Kaoru Mori: Anything and Something HC
Publisher: Yen Press
Release Date: December 12, 2012
Price: $16.99
Creator: Kaoru Mori
Format: 208 pgs., B&W, Hardcover
ISBN: 978-0-3162-2913-5
Age Rating: Teen
ICv2 Rating: 3 stars out of 5
You know what is frustrating?  Reading a manga that is so bad that it puts me to sleep every time I pick it up but so good that I feel guilty about giving it a bad review.  Case in point; Kaoru Mori: Anything and Something.
In this book brought to us by Yen Press, Kaoru Mori puts together a collection of short stories and one-offs from her career. Sometimes heartwarming, sometimes sweet, sometimes tragic, but always frustrating these shorts show us why Mori has had such a successful career.
So here's my problem with this book... Anything and Something is a wonderful book filled with stories that spark the imagination and get the reader interested enough to learn more about all these different characters and all of their unique stories.  Only there are no unique stories to tell as this is a book filled with beginnings.  As each story only lasts a few pages, there are no middles and there are very few conclusions.  Each story will, in fact, introduce characters and tell just enough of a story to get the reader interested in learning more and then end without anything that resembles a satisfactory close. As I said, it's a book of beginnings rather than a book of actual short stories.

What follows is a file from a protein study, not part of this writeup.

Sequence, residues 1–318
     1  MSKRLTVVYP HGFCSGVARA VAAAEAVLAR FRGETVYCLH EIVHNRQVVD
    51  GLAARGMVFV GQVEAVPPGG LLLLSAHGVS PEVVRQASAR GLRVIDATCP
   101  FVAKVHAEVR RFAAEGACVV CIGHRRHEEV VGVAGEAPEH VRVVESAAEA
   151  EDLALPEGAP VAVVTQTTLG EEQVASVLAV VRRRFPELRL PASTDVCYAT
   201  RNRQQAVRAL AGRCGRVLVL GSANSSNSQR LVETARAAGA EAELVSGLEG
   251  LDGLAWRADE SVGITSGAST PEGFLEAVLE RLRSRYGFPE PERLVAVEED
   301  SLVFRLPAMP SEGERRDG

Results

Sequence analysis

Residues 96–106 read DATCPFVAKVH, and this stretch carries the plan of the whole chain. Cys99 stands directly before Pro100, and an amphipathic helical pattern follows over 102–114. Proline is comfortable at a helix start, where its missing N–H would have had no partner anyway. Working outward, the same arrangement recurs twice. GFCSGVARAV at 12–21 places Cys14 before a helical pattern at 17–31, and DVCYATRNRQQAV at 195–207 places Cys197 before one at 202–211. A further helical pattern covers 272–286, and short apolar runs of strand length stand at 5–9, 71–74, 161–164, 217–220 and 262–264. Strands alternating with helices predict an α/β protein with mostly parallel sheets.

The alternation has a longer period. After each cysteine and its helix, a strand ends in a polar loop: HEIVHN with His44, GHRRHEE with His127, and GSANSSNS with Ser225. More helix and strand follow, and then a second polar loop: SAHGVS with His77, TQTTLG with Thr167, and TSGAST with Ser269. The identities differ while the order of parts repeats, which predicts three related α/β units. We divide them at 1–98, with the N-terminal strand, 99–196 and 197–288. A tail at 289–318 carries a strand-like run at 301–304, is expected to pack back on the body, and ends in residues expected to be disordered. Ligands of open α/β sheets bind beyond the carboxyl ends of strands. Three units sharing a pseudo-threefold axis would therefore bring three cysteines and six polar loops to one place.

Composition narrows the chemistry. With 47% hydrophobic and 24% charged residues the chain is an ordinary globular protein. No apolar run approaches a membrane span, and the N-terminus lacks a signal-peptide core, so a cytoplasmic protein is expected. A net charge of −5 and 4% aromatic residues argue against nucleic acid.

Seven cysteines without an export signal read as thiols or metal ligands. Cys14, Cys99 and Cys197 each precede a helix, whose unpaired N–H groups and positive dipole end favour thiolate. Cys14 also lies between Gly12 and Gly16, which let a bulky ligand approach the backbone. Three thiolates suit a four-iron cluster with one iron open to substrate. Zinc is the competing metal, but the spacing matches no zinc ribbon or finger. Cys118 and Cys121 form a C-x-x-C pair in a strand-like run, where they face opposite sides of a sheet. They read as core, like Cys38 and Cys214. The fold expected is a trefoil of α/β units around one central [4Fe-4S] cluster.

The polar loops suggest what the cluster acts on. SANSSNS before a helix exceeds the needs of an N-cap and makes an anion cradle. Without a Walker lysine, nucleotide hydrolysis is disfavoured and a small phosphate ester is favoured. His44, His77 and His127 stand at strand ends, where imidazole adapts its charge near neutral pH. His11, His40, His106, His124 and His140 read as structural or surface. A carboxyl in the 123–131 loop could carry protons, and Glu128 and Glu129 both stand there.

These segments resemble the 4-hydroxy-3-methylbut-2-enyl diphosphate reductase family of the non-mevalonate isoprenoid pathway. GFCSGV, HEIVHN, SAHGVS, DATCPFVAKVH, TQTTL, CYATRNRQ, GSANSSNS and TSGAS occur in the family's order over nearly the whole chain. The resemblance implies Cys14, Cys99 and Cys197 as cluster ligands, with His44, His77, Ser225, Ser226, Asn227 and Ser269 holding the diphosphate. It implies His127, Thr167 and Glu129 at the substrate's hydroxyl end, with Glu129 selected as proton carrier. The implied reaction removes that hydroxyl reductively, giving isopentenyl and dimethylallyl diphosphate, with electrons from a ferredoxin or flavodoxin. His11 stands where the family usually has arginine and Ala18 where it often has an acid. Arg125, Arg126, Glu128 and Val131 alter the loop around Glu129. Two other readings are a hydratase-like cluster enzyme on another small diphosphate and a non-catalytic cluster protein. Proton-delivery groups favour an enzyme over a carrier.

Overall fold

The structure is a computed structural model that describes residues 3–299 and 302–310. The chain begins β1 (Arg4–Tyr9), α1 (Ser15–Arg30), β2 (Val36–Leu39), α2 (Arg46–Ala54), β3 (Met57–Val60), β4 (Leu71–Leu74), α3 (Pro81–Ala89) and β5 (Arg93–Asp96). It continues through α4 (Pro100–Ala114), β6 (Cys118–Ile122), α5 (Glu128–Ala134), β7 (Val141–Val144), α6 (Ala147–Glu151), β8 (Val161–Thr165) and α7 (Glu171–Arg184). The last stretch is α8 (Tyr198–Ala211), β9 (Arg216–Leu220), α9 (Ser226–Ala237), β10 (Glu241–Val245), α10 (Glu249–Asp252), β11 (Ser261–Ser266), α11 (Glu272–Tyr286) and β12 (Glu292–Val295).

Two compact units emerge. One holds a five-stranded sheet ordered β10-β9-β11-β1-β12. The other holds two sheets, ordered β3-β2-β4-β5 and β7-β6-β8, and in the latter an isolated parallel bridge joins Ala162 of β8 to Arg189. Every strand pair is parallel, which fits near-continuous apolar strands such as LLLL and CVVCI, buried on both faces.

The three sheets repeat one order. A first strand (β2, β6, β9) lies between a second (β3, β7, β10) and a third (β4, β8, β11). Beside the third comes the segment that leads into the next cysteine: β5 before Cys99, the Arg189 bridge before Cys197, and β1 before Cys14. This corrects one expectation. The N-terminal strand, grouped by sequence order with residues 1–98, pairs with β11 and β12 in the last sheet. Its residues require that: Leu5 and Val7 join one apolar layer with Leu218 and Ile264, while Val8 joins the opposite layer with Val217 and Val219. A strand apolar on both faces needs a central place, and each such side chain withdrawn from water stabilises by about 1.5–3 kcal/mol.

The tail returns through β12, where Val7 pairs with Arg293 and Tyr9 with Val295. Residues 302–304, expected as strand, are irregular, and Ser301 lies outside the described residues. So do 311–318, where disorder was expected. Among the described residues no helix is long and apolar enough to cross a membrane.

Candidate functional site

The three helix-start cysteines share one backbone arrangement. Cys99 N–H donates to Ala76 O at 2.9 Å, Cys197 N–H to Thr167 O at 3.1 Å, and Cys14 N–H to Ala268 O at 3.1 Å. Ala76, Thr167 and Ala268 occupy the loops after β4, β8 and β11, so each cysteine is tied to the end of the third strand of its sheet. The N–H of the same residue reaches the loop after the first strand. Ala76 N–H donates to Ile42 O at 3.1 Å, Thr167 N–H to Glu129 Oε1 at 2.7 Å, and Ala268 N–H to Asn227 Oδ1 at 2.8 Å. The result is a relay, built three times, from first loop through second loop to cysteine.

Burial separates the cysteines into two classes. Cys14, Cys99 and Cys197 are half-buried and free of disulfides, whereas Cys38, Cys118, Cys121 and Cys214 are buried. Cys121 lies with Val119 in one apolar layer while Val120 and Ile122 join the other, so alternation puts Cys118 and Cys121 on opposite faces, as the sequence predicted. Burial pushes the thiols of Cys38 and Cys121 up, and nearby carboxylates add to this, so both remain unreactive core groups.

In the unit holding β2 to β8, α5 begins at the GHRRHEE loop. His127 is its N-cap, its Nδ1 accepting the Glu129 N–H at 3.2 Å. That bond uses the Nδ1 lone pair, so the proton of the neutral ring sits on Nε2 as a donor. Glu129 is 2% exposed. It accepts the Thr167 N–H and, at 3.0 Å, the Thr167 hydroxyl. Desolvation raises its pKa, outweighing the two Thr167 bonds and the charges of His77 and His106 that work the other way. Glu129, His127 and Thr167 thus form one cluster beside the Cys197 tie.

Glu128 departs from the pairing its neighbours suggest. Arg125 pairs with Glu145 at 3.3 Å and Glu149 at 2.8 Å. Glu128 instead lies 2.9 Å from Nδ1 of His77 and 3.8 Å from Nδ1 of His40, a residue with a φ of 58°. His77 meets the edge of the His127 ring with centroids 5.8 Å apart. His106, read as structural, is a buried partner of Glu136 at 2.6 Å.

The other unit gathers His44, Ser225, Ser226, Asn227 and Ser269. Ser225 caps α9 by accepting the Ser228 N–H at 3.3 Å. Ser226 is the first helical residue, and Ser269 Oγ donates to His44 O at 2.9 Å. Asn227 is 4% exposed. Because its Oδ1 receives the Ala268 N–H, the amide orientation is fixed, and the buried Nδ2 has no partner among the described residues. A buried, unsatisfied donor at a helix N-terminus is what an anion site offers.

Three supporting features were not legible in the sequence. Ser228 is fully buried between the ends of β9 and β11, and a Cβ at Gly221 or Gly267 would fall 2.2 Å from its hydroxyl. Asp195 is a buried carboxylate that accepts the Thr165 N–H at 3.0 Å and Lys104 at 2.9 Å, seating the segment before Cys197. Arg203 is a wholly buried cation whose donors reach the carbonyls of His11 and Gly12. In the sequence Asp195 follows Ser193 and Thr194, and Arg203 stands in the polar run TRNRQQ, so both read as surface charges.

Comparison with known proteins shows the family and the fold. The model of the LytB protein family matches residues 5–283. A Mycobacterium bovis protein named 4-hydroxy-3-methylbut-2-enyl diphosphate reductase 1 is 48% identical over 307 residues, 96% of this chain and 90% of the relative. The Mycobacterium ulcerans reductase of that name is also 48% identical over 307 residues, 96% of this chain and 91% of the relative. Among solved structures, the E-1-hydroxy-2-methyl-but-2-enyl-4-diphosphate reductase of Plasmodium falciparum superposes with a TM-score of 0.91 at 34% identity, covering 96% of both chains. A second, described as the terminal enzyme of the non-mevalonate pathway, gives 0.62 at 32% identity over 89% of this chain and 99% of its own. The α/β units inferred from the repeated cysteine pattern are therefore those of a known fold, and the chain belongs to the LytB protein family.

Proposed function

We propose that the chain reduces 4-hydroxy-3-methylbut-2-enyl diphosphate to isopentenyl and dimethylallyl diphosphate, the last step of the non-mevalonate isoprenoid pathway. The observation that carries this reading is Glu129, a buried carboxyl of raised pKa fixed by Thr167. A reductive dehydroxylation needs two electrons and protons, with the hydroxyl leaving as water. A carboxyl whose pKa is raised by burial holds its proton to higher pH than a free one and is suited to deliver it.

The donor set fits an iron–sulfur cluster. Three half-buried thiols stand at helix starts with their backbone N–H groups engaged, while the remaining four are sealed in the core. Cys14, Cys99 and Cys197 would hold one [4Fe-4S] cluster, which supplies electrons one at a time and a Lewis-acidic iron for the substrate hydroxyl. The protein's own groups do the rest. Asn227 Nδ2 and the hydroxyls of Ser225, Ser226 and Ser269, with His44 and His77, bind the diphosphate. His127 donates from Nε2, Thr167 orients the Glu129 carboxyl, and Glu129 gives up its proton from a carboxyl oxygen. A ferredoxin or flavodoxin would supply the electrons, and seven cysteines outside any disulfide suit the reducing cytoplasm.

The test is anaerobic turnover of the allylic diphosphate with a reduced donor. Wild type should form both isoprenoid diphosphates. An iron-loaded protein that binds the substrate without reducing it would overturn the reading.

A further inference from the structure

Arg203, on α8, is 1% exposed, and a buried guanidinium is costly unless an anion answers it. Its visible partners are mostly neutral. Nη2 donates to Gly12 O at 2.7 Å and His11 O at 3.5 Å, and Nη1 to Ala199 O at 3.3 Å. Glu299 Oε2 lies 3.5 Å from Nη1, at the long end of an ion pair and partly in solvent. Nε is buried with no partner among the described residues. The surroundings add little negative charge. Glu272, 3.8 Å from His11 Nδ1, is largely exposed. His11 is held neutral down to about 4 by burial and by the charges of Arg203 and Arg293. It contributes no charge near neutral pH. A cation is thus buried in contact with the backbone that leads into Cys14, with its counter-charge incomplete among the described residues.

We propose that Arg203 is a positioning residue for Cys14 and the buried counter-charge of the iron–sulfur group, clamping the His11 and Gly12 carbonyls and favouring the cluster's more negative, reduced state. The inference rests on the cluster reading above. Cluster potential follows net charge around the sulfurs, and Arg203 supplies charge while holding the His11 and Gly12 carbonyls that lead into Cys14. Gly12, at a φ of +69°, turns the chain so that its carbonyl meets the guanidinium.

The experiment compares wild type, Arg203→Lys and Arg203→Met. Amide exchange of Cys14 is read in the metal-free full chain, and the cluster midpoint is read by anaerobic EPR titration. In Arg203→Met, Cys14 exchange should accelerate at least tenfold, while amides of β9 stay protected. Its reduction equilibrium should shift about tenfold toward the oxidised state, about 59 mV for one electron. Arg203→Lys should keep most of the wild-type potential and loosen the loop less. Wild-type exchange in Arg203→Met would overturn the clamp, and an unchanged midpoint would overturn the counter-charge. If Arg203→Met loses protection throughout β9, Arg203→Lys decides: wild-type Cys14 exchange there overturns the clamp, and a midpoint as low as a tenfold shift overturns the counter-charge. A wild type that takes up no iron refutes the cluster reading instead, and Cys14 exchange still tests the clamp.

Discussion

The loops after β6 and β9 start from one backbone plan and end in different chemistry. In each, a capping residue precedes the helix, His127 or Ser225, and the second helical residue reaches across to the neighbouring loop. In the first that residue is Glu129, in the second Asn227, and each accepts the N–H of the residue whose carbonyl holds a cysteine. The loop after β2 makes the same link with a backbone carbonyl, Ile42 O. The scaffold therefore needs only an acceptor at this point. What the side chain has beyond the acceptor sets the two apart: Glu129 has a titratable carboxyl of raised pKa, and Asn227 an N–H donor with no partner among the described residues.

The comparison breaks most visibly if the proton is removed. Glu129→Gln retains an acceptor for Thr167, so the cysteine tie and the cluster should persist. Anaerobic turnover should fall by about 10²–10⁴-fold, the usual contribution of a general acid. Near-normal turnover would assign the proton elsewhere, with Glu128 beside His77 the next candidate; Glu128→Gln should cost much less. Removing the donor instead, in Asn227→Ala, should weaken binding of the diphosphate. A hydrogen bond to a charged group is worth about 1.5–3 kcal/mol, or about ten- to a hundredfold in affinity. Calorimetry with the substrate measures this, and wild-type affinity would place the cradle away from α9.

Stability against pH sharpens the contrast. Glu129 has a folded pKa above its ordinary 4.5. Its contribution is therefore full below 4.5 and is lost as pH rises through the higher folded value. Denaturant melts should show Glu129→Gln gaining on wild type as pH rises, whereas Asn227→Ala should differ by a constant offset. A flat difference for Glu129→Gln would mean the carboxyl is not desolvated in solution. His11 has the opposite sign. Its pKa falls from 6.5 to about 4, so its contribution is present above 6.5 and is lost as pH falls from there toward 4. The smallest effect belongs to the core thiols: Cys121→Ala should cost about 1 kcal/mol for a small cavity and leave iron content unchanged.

To call the book bad however is really punishing it in a way that it doesn't deserve.  The artwork is pleasant to look at (there are some wonderful two page spreads scattered throughout the book) and the stories have great characters that anyone can fall in love with quickly.  If there weren't the nagging problem of the stories being too short, I wouldn't have an issue with this book at all.
Kaoru Mori has created some absolutely beautiful series in the past, including Victorian Romance Emma, and this collection of short stories shows how obviously talented she is.  I could very easily see someone reading these stories and seeking out more of her work because they want to see what she can do when she is actually telling a complete story.  However unless someone is already her fan, this isn't a book that I can recommend anyone pick up for their own collection.  Borrow it from a library or a friend if you're curious about Mori's work and want a taste of what this talented manga-ka can do but unless you're a collector who just has to have everything Mori-related, this is not a book to buy on a whim.
-- L.B. Bryant